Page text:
The Long COVID Doctors
"Let's start with doctor. Amy small in brea back in time so back to october. Twenty twenty. I know it feels like a lifetime ago. Doesn't it gosh. I could go back and speak to myself as a gp prior to all of this. I know that i would have been much better doctor then and i hope to be much. Stop to now. I have seen too many cases on nine of people. Not being heard not being listened to that symptoms in their concerns not being validated. I've seen heartbreaking stories of people just being dismissed of seeing heartbreaking stories of people losing their jobs. And i am very lucky that i have a platform where i can speak up and try and get long recognizes illness long. Covert appears to not discriminate. Healthy people young people people who apparently had mall case of covert nineteen and every sistemi. Nobody's can be affected here the other two doctors you made today. Many of my colleagues have been unwell since march and have really struggled to get any kind of medical inputs until the last couple of months. Those you weren't hospitalized with the illness would just sort of left to get to get on with it. It's the classic thing a suspect. It might even be bloke thing deny it for long enough it will go. I diminish it ignore it. Oh no not another thing to worry about. A suspect always going through people's minds and that will include medics politicians but they will be left with the long term consequences and in terms of the total health burden that will weigh exceed. Whatever acute cove to us.
COVID-19 Detection in Masks and Wearables
"Our guest. Today is dr peter godwin. He's from the institute of biologically inspired engineering. Which sounds like a really cool really cool place to work. Yeah welcome to the podcast newman. Thank you yes so this is really cool. Because anyone who's listening to the podcast understands cove in nineteen the pandemic and many of the health implications that we've seen come from it. How important is early detection in solving a pandemic Well devon. I think that most epidemologists have told as it's an essential part of our toolbox for doing with the spread of a pandemic and especially early on in a pandemic and throughout epidemic that still raging the one that we have right now. You really need to understand where the the virus spreading and quickly it spreading so that you can implement a measures to kind of tamp down that spread such as a social measures as well as technical technology measures such as vaccines Things of that sort. So surveillance is key in Trying to prevent the virus from spreading in so currently were doing tests of this kind of surveillance but how is that being done right now and is that really enough shirts so right now there's two main ways of doing testing for individuals. One is the gold standard and that is something called. Pcr so a pr tests or rtp. Cr test basically takes the virus from an individual sample such as you know nasal swab that we've seen People get and what it does. Amplifies up that genomic signature of the virus. So you're actually looking at the viral genome and you're amplifying it up so that you can test it. Unfortunately this again. This is the gold standard but unfortunately required a laboratory. So you need a you need a technician And it it's it. It takes quite some time for that sample to go to the laboratory laboratory to process the samples and then information back out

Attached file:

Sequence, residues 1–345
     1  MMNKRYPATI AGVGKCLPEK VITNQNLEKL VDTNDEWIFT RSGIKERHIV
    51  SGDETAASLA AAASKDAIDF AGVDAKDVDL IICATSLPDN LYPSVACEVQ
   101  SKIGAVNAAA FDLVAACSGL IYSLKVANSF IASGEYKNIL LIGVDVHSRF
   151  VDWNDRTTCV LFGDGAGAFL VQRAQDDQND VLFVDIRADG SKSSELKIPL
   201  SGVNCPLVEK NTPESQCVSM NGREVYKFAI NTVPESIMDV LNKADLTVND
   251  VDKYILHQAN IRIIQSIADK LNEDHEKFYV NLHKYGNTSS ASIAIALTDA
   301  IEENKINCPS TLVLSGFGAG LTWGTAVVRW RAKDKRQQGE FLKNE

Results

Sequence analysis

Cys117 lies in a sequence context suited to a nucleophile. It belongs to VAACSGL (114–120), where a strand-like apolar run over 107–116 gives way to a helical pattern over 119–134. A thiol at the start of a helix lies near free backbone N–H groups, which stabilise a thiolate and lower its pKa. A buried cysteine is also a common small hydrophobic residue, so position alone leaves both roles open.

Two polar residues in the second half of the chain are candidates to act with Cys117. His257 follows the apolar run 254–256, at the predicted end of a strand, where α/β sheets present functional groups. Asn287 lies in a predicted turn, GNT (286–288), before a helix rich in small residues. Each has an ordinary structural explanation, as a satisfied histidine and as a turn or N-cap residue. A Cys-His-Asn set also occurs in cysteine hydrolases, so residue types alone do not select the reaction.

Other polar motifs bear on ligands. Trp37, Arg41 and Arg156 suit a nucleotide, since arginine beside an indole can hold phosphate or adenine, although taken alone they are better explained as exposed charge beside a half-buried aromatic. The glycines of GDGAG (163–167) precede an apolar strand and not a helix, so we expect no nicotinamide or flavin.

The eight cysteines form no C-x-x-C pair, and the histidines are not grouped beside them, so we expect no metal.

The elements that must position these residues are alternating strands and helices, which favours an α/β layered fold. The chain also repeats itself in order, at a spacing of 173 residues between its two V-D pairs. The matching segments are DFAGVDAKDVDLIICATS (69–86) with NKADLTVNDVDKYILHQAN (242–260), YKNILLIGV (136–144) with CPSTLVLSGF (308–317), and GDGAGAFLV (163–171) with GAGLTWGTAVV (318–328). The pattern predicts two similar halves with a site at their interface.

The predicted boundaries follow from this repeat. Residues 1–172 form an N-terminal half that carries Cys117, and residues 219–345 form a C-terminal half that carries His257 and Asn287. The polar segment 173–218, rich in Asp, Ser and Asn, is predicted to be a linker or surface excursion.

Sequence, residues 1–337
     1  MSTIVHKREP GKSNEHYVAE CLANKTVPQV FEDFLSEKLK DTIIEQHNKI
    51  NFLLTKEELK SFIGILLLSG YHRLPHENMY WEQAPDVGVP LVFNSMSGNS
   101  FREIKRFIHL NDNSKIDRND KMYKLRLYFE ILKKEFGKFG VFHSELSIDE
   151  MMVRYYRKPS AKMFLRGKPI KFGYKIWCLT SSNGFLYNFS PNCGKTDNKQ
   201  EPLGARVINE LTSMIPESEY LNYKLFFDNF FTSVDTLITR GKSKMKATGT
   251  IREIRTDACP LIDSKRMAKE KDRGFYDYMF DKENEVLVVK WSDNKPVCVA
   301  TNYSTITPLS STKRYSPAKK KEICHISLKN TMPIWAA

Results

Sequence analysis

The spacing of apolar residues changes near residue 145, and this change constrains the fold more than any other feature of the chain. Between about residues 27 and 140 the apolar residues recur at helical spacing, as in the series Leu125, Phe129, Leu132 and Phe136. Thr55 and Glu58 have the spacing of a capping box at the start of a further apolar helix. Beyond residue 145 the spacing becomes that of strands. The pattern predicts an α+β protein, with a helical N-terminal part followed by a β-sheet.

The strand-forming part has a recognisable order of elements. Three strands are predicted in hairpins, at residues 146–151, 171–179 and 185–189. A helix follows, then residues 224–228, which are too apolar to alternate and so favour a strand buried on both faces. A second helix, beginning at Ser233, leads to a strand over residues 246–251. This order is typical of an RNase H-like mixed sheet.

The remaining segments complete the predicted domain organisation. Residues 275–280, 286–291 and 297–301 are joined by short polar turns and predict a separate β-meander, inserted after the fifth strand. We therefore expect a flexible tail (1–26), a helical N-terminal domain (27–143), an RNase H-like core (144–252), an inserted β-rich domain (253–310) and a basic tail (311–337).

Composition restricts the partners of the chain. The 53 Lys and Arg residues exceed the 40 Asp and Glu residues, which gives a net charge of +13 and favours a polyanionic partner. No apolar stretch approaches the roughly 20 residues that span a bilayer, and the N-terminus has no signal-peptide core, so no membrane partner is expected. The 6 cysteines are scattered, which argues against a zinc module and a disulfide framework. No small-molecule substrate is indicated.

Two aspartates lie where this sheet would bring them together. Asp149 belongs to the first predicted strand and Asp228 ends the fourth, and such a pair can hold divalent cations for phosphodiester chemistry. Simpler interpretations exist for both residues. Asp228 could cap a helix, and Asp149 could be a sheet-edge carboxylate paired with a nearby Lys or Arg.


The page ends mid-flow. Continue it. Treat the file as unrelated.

Genetic Testing: The New Way to Identify and Train Elite Athletes?
"In twenty thirteen. I spoke with david epstein. A senior writer from sports illustrated covering sports science medicine an olympic sports and the author of the sports gene inside the science of extraordinary athletic performance. I wondered now that we have all these genetic tests does trying out for a high school sport being just having to give a dna sample instead of playing for five practices before your cut. Hopefully not so. We could be doing that. And there is direct to consumer marketing of genetic tests. But the fact is you'd be better off using a stop. Watch to see how good runner your kid is using genetic test. Why tested indirectly when you can test directly but the genetic tests that i actually think could be more useful for high. School teams are for for example. A gene called apo e. Where if you have a certain version we know you're increased risk of brain damage if you suffer concussions while playing football maybe that doesn't mean you should be barred from playing but maybe like to think about other sports or about taking fewer hits practice. So that's the kind of screening. I think that actually could be useful but now having realized how complex genetics is scientists have come up with more innovative methods to find the networks of genes that influence attributes and exercise genetics. Those networks are often not genes that say will you have this athletic trait genes. That say you will profit very rapidly in very much from this type of training more so maybe than your training partner.
Eat These Foods to Boost Brain Health & Reduce Inflammation
"Sean. Welcome back other glad to have year is my pleasure. Always love talking with you man. Let's jump right in. And i wanna talk about top foods for brain health and nutrients. I mean there's so much out there. And i'm sure people come to you for a ton of advice and one of the things that you see especially when people are starting off. They're like which supplement or which thing is the best for that and we tend to overlook some of the most obvious stuff that's right in front of us and i feel like that's what you did a really great job in eat smarter. Is you highlighted the things that it's just easy to overlook and the power of food truly is being medicine not liked medicine but medicine for real right sometimes even better and i want to start off by this study that you mentioned inside of each smarter and it was around alzheimer's and a particular nutrient tell us what that new chain is and how this nutrient was shown to have a significant reversal on our age. Yes so the current size. When we're looking at alzheimer's you know is a really really difficult situation. There's not much as for as peer reviewed evidence on being able to reverse his condition as see much. Improvement is a lot of times. It's trying to slow down the progression but now there's so much evidence coming out in so many wonderful scientists are asking these questions. What can we do. let's try. This thing was try that thing. And the funny thing is is circling back to the world of nutrition. But of course makes sense because your brain is literally made from food and we know today. That alzheimer's is largely tied to this calling. Type three diabetes. This insulin resistance taking place in the brain and so looking at what are the nutrients that help to regulate our insulin response. What a nutrients that help to normalize and he'll brain cells to create neurogenesis and sparked the creation of new brain cells.